Dubai: Sridharan Sriram, the spin consultant of the Australian team, is not exactly the type who likes to make a sales pitch about himself. Still, he has made the cricketing media sit up after playing a key role in the visitors’ emphatic first Test win over the heavily fancied Kohli & Co in Pune.

The soft-spoken former Indian all-rounder has again proved the theory that playing and coaching are different ballgames and one need not be a great player to prepare players as a coach. One look at the coaching staff of both the teams will tell the real story as, barring Anil Kumble, the highest Indian wicket-taker, most of the others have only had moderate success at the top level.

Ever since the Australian left-arm spinner Steve O’Keefe stunned the hosts with a match haul of 12 wickets in Australia’s 333-run victory, the talking point has been the way Australia ambushed India with their preparations in Dubai for the series and the role of the 41-year-old from Chennai. The battleground has shifted to Bengaluru for the second Test, which begins today.

Clinching factor

Sriram said O’Keefe’s success should be attributed to his “preparedness” and “willingness to experiment”.

Asked what exactly did O’Keefe change, Sriram said: “Not necessarily change, more I would use the word adapt. Because India is such a big country, there’s no one-stop solution. If you say ‘this will work’, it is not going to work. So you have just got to adapt on the go. You have got to see what works for you on that day.

“And so I think that’s where O’Keefe really scored, because he was well-prepared. He was prepared to experiment, he was prepared to sort of try different things in the nets. Which goes back to our time in Chennai in 2015. So, I think he knew that he had to come with an open mind for every day of a Test match. What works on day one may not work on day three. He knows that. I think that’s his biggest strength.”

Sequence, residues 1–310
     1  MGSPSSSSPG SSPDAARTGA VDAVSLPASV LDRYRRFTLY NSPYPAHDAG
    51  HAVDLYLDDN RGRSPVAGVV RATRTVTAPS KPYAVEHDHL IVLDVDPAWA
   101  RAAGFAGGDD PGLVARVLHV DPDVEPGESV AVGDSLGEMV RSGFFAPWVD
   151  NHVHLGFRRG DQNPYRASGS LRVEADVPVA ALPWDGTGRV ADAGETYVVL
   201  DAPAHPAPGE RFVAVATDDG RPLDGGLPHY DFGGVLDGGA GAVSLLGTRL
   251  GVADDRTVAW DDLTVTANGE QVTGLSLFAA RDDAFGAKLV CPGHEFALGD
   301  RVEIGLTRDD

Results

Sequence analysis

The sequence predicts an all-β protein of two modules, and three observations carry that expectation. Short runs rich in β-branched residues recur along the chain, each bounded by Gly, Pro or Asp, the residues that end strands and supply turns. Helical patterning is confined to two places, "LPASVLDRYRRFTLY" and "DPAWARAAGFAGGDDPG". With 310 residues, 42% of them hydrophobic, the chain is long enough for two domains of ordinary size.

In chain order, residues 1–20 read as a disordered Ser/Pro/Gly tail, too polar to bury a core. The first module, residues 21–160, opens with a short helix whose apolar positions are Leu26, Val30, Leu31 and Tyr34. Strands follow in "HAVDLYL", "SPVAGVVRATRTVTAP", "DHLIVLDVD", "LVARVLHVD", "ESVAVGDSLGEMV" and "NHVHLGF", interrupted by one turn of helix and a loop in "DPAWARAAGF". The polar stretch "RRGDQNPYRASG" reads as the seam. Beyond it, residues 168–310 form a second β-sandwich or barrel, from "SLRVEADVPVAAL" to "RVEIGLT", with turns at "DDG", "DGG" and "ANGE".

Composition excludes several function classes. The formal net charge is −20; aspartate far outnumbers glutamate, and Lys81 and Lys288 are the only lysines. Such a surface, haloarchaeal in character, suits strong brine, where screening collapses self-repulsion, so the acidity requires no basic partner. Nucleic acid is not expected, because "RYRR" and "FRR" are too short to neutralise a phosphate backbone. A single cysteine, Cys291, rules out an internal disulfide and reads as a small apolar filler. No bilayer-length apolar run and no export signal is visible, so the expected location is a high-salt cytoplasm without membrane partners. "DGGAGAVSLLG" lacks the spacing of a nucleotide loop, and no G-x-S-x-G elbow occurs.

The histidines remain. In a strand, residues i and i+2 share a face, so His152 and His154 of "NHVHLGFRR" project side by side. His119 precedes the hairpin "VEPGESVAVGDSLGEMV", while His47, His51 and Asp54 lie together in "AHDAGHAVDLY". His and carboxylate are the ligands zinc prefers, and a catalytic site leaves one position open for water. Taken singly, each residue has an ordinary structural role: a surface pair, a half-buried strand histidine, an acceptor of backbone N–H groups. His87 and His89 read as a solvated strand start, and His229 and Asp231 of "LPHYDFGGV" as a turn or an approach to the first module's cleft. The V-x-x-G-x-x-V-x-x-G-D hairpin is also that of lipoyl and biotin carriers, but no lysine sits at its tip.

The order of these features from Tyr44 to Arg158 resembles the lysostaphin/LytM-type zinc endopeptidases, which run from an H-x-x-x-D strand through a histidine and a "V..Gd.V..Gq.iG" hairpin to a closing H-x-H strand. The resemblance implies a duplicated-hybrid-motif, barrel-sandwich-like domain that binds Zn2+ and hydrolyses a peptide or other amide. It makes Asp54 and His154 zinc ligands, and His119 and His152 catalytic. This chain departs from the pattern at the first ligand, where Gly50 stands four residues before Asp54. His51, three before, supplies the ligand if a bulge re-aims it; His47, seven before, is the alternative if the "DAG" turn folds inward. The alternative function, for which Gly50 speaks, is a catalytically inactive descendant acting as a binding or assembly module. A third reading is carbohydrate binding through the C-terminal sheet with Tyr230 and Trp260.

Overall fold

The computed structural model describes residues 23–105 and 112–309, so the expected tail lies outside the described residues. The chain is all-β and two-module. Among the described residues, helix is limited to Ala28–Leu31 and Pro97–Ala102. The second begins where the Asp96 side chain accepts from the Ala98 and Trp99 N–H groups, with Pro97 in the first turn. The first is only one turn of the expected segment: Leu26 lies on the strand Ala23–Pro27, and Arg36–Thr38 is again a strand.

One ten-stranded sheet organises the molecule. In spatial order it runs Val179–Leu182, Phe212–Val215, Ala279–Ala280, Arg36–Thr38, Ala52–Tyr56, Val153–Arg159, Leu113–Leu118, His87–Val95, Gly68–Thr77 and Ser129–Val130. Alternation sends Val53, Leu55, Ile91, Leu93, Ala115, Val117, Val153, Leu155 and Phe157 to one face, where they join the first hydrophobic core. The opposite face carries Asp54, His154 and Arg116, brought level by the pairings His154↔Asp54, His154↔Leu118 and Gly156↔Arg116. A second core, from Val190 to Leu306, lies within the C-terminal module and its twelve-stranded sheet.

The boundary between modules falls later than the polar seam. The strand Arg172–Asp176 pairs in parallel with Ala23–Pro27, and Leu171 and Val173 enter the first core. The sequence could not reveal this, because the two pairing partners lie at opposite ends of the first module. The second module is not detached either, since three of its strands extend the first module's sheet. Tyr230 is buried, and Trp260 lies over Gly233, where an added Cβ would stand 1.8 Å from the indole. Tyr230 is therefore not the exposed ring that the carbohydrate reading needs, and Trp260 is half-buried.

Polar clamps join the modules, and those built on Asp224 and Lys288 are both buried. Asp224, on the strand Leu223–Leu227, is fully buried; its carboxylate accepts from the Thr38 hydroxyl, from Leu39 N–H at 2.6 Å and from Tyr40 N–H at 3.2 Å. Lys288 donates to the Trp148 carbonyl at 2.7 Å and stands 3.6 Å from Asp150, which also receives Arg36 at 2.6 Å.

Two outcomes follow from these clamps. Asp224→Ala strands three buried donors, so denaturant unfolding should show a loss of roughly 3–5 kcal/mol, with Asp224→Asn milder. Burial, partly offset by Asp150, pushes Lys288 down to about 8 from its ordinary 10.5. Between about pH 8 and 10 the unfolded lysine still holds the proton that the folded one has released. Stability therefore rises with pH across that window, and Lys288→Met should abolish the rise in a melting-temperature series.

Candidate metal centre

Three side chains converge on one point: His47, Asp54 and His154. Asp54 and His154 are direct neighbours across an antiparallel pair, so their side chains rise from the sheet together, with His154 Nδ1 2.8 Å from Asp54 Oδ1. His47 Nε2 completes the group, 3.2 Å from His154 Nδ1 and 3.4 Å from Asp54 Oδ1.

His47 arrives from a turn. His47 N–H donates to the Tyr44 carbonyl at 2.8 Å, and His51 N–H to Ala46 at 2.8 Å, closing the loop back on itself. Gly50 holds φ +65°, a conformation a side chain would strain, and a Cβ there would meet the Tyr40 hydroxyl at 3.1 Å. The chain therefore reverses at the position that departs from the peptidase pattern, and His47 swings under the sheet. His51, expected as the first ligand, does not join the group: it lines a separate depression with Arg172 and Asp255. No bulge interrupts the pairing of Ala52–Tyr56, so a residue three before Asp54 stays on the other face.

The O’Keefe revelation

O’Keefe’s figures were the second best by a visiting bowler in India, behind Ian Botham’s 13/108 in Bombay, now Mumbai, 37 years ago. It was the fifth-cheapest 12-wicket haul in Test cricket. During an interaction with the media after the Pune massacre, Sriram said: “During the break I knew he [O’Keefe] was a little disturbed. He said I think I need to have a bowl with you in the centre.

“He then said that he was little nervous to start because he was in his comfort zone and trying to bowl as he would do in Australia. But, I said what do you think you need on this wicket?” and he said: ‘I need to go a little bit rounder and quicker and I just said to him to go for it,” he added.

The UAE has been very much a part of Sriram’s life, where he has played a couple of his One Day Internationals in Sharjah and frequents Dubai for coaching clinics. Sriram has a Level 3 Certificate from UK and has been a trainer for Level Three coaches in Australian Academy.

He has had a few coaching stints in the UAE in the past and has been part of the Delhi Daredevils coaching set-up for a few years now.

His coaching credentials would have been done no harm after having worked closely with Gary Kirsten, the former South African opening batsman who guided India to a World Cup triumph, adding that the ups and downs in his career as a player must have played a part in him taking up coaching. Sriram has also set up an academy called ‘The Drome’ in Chennai with the likes of Subramaniam Badrinath and Dinesh Karthik.

It is here in Dubai where Sriram hatched the plan to shock the hosts.

Answering to a query on the problems he has faced on acceptability in the Australian team considering he is not a big name, Sriram said: “I don’t think the name really matters, does it? I mean, I come in and if I talk sense, they listen to me, if I talk [expletive] they don’t. It’s as simple as that.

“I think it’s taken time. They have really been open. That’s the best thing about this Australian team. They have been open to listening first. And then obviously I made sense a little bit and they started listening and they started trying out things in the nets and saw that it worked for them and I think that’s how it’s gone,” said Sriram.

Freedom to share ideas

“I have a chat with everyone, it is not just the spinners, that is the freedom I get from my head coach, which is amazing, so I can chat to anyone if I feel there is something they should do, I go up to them and suggest and it is up to them if they implement it or not, some say no some say yes, I am willing to try and prolong the conversation,” Sriram added.

— With inputs from agencies